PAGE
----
Leon, quiet as he could, went to draw his bow and an arrow, but was stopped by Artorias.
“Wait, she’s got friends.”
Leon froze and continued to watch. Sure enough, three more nymphs rose up out of the crystal-clear water, their bodies appearing only after leaving the river. All four then immediately began rapidly swimming upriver.
Leon frowned and asked “They’re probably going to meet up with more of their kind. Should we follow?”
“We can, for a ways. We might catch one on its own. Might not, too, but taking a quick look at where they’re going won’t hurt.”
They pursued the river nymphs for a while upriver, going steadily north, always staying out of sight of the water. Artorias could make this rather easy, as he and Leon could stay well into the forest and he wouldn’t lose sight of the nymphs, but this was Leon’s hunt, so Leon would have to rely on himself for most of the work.
Suddenly, contrary to that policy, Artorias grabbed Leon’s arm and told him to hold back. He could see where the nymphs were going now, and it was not a place they should follow.
The river went far enough north to start getting close to the edge of the mountains that surround all the Northern Vales, and it is from the melting snow on the mountains that the river is formed. The nymphs were making their way towards the bottom of a waterfall, where several dozen other nymphs had gathered. They were all gazing up in reverence at the top of the waterfall. A monster had come down from the mountains and was looking down at all of them, a monster with the upper half of a beautiful woman, and the lower half of a dark-green snake.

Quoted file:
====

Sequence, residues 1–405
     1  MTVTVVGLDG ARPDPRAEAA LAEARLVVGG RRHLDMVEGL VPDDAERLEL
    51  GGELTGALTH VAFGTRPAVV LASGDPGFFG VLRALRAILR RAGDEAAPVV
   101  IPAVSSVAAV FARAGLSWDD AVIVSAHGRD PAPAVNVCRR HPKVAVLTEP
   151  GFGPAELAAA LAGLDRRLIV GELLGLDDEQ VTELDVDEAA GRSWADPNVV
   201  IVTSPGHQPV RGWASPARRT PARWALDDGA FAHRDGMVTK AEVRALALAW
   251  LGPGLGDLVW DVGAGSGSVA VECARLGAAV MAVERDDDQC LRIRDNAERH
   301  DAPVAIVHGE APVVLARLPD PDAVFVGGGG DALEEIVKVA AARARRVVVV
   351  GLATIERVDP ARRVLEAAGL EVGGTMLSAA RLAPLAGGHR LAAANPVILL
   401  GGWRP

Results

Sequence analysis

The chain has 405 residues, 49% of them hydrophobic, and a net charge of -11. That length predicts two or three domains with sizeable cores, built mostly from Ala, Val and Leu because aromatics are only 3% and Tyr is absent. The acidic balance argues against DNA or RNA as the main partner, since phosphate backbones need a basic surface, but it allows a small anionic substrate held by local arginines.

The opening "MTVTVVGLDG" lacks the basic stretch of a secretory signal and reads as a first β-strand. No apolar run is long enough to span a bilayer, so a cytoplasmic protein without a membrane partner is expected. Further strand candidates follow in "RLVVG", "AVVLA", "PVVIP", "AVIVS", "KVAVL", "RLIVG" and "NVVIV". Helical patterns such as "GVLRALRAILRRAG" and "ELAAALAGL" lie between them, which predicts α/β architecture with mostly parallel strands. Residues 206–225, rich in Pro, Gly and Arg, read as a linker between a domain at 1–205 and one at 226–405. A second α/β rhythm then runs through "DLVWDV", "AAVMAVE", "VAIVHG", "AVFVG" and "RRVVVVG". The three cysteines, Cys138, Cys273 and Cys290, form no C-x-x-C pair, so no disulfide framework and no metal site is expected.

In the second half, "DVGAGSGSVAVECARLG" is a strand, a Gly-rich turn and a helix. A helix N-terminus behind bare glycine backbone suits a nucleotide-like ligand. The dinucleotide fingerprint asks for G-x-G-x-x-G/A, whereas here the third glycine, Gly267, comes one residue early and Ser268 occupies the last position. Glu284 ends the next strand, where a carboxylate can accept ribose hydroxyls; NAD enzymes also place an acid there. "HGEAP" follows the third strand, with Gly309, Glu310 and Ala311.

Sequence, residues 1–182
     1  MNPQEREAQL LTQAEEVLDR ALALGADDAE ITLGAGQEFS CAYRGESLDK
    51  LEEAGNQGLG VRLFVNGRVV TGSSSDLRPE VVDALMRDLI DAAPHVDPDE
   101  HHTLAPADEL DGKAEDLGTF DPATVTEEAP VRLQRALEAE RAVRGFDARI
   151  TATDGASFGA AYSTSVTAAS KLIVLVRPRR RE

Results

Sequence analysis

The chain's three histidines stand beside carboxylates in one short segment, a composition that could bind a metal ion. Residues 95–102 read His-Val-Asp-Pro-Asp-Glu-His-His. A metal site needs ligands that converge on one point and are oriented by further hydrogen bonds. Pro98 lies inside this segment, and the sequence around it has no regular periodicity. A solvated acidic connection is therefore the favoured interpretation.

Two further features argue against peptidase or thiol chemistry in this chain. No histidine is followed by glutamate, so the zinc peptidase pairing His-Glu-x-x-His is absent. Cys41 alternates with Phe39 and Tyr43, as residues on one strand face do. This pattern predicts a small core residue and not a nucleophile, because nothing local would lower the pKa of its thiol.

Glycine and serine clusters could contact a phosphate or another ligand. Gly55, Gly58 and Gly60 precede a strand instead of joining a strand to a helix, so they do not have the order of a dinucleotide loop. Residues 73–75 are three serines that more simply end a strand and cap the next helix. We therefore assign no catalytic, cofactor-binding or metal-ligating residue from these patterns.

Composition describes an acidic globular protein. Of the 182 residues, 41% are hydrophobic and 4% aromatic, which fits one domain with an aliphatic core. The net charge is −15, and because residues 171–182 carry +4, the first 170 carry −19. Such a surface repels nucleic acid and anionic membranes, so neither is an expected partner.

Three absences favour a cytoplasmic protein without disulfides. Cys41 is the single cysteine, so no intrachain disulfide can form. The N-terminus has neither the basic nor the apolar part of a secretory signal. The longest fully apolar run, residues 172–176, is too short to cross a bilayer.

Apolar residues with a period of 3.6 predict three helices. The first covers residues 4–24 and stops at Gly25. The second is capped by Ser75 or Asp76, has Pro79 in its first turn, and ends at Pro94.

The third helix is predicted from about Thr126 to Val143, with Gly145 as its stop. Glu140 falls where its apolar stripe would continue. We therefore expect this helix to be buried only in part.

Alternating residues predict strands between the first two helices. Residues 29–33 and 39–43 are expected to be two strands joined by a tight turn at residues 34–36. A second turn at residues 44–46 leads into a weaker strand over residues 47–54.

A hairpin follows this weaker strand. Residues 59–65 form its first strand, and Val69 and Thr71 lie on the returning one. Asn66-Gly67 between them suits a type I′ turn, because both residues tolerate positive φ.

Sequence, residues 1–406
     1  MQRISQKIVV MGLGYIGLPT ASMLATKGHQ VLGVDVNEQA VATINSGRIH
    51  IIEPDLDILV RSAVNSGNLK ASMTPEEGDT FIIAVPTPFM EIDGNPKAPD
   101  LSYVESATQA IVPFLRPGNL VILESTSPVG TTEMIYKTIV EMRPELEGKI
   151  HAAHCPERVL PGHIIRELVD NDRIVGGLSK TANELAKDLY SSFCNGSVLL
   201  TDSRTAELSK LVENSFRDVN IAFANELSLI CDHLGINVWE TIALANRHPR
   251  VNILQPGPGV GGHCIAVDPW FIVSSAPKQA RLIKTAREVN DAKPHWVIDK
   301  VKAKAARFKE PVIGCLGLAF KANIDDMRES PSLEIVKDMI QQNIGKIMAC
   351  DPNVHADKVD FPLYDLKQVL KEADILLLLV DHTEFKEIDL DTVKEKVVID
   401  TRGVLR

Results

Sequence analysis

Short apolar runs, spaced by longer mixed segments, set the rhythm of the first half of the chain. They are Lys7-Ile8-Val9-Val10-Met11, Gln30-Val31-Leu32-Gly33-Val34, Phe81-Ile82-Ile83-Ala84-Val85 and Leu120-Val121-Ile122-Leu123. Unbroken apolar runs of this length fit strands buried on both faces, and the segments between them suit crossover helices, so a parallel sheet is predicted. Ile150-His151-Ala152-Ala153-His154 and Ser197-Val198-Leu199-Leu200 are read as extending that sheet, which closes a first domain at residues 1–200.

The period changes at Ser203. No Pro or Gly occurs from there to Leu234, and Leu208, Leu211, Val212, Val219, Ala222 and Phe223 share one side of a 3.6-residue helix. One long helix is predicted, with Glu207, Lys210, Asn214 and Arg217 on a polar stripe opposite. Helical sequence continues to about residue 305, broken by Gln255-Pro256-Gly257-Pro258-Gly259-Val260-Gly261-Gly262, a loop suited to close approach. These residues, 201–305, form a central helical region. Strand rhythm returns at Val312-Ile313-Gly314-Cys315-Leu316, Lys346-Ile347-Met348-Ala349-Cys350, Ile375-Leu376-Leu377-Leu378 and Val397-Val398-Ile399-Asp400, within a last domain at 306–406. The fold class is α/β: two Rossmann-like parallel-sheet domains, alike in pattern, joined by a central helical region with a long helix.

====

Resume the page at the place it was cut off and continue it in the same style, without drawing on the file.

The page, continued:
A Gorgon, a terrifying monster that has a great control of both earth and water magic, eats stone and possesses the unique ability to petrify someone simply with eye contact.
Artorias could fight ice wraiths, but a Gorgon would not be so easy, so he had them turn around and leave quick as can be. He knew that if he could see the Gorgon with his own magical senses, then she could see them as well, so he and Leon abandoned stealth and tore off back into the depths of the forest where the creature wouldn’t follow.
There wasn’t much time left in the day, but enough to go to one more place.
The one closest was a large glade, a section of the forest surrounded by immense boulders, that almost sealed off a portion of the forest. Within this glade were a number of heartwood trees, with dark brown bark and bright golden leaves.
There was always some creature of the forest that desires to call this glade home, but heartwood trees are not so welcoming. They are extraordinarily beautiful when viewed from afar, and even when walked among, but lingering too long will see them start to emit a powerful magical aura so strong that not even the most terrifying beast of the forest would dare stick around.